Lambda Calculus and Turing Machine

Alonzo Church, and Alan Turing produced two different, but equivalent universal models of computation. Both models could compute anything that can be computed (hence, “universal”).

Alonzo Church invented lambda calculus. Lambda calculus is a universal model of computation based on function application. Alan Turing is known for the turing machine. A turing machine is a universal model of computation that defines a theoretical device that manipulates symbols on a strip of tape.

Together, they collaborated to show that lambda calculus and the turing machine are functionally equivalent.

Lambda calculus is all about function composition. Thinking in terms of function composition is a remarkably expressive and eloquent way to compose software. In this text, we’re going to discuss the importance of function composition in software design.

There are three important points that make lambda calculus special:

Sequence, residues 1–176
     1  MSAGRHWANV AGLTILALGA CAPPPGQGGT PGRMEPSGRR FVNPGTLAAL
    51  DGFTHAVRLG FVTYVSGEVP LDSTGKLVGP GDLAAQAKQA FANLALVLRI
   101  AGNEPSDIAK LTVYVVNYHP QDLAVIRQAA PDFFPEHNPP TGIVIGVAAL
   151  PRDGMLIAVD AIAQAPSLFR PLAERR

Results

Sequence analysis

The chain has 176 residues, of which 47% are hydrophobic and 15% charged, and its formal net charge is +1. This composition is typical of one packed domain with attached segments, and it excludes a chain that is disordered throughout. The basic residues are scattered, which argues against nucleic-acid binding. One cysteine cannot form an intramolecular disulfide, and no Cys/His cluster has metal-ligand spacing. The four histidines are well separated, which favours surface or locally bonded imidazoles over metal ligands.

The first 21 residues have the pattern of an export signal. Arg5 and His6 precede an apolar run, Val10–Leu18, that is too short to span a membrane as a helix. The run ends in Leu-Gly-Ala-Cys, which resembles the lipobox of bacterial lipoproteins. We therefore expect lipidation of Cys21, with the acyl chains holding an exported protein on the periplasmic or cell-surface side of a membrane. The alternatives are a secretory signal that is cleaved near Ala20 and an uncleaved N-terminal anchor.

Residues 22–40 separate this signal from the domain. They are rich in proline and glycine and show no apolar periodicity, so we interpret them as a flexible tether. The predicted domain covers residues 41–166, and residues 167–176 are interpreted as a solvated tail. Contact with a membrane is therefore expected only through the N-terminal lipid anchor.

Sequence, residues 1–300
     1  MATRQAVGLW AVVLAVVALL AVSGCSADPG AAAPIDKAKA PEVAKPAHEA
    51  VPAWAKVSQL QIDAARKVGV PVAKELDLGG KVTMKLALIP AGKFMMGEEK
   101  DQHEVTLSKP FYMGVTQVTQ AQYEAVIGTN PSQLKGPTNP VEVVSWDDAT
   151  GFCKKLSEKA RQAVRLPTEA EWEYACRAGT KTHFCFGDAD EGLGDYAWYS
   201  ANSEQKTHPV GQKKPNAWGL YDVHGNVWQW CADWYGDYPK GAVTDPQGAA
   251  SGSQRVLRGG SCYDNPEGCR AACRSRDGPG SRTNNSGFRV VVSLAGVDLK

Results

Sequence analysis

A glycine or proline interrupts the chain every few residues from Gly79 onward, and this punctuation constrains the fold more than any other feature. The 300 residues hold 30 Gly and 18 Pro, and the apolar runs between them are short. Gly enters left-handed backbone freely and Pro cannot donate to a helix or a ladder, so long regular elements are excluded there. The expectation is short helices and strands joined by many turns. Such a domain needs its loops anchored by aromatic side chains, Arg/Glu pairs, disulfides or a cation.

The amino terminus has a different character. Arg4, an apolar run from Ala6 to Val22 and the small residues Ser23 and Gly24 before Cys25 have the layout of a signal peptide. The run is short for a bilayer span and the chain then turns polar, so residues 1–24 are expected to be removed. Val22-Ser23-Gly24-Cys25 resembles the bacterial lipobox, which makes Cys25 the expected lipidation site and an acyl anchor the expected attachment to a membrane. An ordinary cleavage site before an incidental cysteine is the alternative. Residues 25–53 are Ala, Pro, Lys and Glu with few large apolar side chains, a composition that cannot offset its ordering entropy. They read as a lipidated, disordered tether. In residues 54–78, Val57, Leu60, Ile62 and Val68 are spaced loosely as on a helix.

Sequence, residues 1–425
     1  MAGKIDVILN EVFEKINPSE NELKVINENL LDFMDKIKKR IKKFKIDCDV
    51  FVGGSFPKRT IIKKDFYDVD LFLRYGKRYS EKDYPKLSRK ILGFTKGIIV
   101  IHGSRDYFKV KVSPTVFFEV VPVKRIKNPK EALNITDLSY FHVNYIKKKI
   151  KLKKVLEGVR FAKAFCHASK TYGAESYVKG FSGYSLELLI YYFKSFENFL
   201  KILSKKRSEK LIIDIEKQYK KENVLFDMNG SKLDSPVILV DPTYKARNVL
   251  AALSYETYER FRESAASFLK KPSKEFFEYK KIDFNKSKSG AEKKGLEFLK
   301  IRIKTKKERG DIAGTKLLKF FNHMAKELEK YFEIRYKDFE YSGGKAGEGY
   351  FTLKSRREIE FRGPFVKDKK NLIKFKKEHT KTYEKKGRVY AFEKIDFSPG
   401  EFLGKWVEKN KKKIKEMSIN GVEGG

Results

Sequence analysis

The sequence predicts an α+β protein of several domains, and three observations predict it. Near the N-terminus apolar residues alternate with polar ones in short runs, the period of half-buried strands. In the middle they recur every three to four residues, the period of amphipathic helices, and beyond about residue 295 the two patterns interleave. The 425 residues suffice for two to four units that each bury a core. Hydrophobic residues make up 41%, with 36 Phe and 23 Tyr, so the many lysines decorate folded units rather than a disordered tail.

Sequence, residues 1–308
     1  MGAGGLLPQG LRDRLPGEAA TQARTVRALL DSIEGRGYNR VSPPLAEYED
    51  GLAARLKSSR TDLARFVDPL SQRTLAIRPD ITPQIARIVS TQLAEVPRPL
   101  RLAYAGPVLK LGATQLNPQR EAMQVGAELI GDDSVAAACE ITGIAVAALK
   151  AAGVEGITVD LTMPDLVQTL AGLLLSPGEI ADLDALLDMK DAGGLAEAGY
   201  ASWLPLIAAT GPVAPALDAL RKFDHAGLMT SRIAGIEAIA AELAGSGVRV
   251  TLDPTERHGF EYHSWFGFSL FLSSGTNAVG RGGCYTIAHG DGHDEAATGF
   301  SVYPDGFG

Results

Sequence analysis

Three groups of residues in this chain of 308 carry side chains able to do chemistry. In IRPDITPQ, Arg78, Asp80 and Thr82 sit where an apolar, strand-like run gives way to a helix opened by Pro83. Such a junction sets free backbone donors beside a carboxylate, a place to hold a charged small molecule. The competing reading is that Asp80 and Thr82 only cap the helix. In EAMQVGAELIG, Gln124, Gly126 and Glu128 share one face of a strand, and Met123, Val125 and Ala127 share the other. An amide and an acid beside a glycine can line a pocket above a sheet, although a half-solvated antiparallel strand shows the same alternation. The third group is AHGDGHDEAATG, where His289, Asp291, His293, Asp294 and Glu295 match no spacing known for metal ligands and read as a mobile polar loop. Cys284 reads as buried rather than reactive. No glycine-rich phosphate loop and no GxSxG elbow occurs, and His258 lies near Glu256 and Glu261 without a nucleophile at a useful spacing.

1. Functions are always anonymous. In JavaScript, the right side of const sum = (x, y) => x + y is the anonymous function expression (x, y) => x + y.
  2. Functions in lambda calculus only accept a single input. They’re unary. If you need more than one parameter, the function will take one input and return a new function that takes the next, and so on. The n-ary function (x, y) => x + y can be expressed as a unary function like: x => y => x + y. This transformation from an n-ary function to a unary function is known as currying.
  3. Functions are first-class, meaning that functions can be used as inputs to other functions, and functions can return functions.

Together, these features form a simple, yet expressive vocabulary for composing software using functions as the primary building block. In JavaScript, anonymous functions and curried functions are optional features. While JavaScript supports important features of lambda calculus, it does not enforce them.

The classic function composition takes the output from one function and uses it as the input for another function. For example, the composition:

f . g

Can be written as:

compose2 = f => g => x => f(g(x))

Here’s how you’d use it:

append = s1 => s2 => s1 + s2
append('Hello, ')('world!')

You could represent it visually:



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